In search of an elusive creature

From TNS

How a cryptozoologist from Spain spent his time trying to locate the mythical Barmanou in the north-western region of Pakistan

A few years ago, I received a mail from a friend with interest in cryptozoology, asking me to accompany him to the Northern areas in search of Barmanu, a mythical creature since I had recently written about another one. Despite many promises, I could not bring myself to go.

In December 2013, I got a chance to visit Bhamborate valley along with Shoaib Jadoon, the dynamic Deputy Commissioner of Chitral, with a view to meet the Kalash people and look into their problems, finding a solution to improve the flow of tourists in the region.

The people of Kafiristan excited the curiosity of a young cavalry officer Captain Robertson during the Second Afghan War (1879-80). He met them again at Chitral in 1888 when he visited this mountainous region with Colonel Algernon Durand. He wrote in his memoirs, The Making of a Frontier “a fine representative set of savages who had come to escort him [Robertson] into Kafirstan.”

Determined to unravel the mystery of this strange race, Captain Robertson (later Sir Geroge Scott Robertson) visited the Kalash valleys in 1889, not as an emissary of the Raj but as a doctor in order to tone down the hideous jealousies amongst the Kafirs which were raised on seeing English presents laid down in Mehter’s court in Chitral. Robertson recorded his observations in his book The Kafirs of the Hindukush regarding all aspects of the Kafir’s life, history, origin, culture, customs, tribal feuds, and religious ceremonies at a time when the amalgamation of these people with the dominant Muslim neighbours was minimal.

However his book did pick up a controversy regarding the origin of this race from Alexander’s lost legion to Xerxes banishing Greek slaves to Bactria, the remote eastern end of the Persian Empire, after the sacking of Athens around 490 BC.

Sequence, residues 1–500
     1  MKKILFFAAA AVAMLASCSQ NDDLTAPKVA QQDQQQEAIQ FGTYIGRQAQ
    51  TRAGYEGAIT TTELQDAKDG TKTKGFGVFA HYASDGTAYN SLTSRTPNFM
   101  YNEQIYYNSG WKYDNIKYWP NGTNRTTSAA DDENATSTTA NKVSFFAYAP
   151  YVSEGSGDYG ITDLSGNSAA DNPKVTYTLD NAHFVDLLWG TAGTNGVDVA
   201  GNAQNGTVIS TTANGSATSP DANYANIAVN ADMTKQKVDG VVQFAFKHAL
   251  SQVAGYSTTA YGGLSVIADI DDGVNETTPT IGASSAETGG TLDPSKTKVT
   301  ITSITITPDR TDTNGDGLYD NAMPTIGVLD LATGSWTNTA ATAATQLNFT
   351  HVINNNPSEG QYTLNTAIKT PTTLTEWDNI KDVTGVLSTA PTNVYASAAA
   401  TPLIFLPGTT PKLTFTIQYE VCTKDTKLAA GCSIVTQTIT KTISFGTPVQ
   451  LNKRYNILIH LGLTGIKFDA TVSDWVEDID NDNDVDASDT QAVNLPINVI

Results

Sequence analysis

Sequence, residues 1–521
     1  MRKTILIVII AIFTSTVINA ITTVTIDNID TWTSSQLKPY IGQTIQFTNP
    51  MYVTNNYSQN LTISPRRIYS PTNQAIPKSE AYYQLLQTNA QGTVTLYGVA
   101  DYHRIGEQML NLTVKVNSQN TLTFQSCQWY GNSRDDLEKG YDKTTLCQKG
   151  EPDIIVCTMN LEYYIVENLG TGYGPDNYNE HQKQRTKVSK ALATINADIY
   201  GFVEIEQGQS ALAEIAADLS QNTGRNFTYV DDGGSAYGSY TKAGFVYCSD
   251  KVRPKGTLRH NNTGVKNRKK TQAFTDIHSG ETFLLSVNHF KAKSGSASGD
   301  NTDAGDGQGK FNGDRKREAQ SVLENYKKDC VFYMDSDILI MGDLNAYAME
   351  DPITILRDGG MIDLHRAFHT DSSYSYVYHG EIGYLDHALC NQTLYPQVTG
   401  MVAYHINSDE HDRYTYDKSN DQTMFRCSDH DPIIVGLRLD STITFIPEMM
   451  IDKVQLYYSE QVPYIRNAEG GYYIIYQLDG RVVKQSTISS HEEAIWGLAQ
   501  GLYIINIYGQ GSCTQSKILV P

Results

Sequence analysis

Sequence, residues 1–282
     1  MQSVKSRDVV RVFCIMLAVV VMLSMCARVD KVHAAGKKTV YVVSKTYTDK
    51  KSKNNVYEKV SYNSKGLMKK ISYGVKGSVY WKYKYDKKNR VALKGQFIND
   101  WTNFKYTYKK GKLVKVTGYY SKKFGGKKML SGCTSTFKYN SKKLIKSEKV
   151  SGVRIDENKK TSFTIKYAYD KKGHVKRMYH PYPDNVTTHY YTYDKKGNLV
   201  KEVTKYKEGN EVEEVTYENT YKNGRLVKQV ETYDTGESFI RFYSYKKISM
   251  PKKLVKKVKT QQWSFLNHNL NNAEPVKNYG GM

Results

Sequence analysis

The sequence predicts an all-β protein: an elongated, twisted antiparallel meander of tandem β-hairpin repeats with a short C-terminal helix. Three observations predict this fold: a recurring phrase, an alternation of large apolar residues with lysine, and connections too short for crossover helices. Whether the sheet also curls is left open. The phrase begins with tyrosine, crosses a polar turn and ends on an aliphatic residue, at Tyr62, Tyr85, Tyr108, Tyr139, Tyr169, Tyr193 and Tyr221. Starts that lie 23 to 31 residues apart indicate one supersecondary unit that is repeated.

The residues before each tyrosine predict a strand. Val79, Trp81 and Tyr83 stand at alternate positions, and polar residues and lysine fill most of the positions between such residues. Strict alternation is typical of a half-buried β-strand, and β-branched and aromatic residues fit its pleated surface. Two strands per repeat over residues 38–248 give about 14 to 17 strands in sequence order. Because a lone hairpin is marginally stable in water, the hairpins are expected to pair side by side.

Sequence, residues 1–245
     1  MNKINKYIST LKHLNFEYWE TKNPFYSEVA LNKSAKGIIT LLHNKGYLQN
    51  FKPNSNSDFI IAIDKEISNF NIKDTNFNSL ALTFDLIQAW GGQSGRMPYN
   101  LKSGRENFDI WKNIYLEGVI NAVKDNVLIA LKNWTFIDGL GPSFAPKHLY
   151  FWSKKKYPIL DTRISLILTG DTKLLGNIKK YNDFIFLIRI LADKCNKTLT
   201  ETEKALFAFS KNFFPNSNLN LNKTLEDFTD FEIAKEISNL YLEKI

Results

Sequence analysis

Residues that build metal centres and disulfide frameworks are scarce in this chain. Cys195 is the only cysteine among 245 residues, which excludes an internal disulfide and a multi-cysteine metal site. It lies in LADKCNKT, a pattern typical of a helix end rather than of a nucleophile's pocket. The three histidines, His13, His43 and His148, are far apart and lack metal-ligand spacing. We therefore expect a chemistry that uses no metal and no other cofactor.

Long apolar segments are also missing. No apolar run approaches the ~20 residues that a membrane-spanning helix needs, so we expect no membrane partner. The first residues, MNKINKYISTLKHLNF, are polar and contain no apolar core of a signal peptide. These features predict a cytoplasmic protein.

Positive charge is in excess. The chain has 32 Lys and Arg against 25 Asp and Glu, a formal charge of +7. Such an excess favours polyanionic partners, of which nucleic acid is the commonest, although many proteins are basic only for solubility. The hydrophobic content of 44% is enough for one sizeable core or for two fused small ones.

More than a century after Robertson’s first visit to Kalash, I found the “murderous savages” of Kafiristan extremely poor, docile yet friendly and tolerant towards tourists on whose influx depends much of their local economy.

That day in Bhamborate valley, I visited among other places the multipurpose Kalash Museum set up with aid from the Greek government in 2004, a wonderful job in preserving a fast-fading culture. A part of the museum building is also used as a school for the Kalash children and is run by the local community.

I was then guided by Shoaib Jadoon to the burial ground of the Kafirs, the Shenitan according to Robertson “where the tribal dead repose in huge coffin-boxes placed in the hillside — near but not too close for such places are impure for the higher ecclesiastics of the Kaffir faith.”

Weather-worn coffins of the dead were haphazardly placed, many of them broken due to vandalism while others were falling to pieces from age. Khalid, the Wakil Sahab from Chitral, led us to an unusual grave. The tombstone tells us that the occupant, whose mortal remains lay in Bhamborate, was a zoologist by profession and a Spanish Kafir rather than a Kalash.

It was interesting to find out what led this extraordinary man to the remote corner of the world and ultimately to his death in the land of Kafirs.


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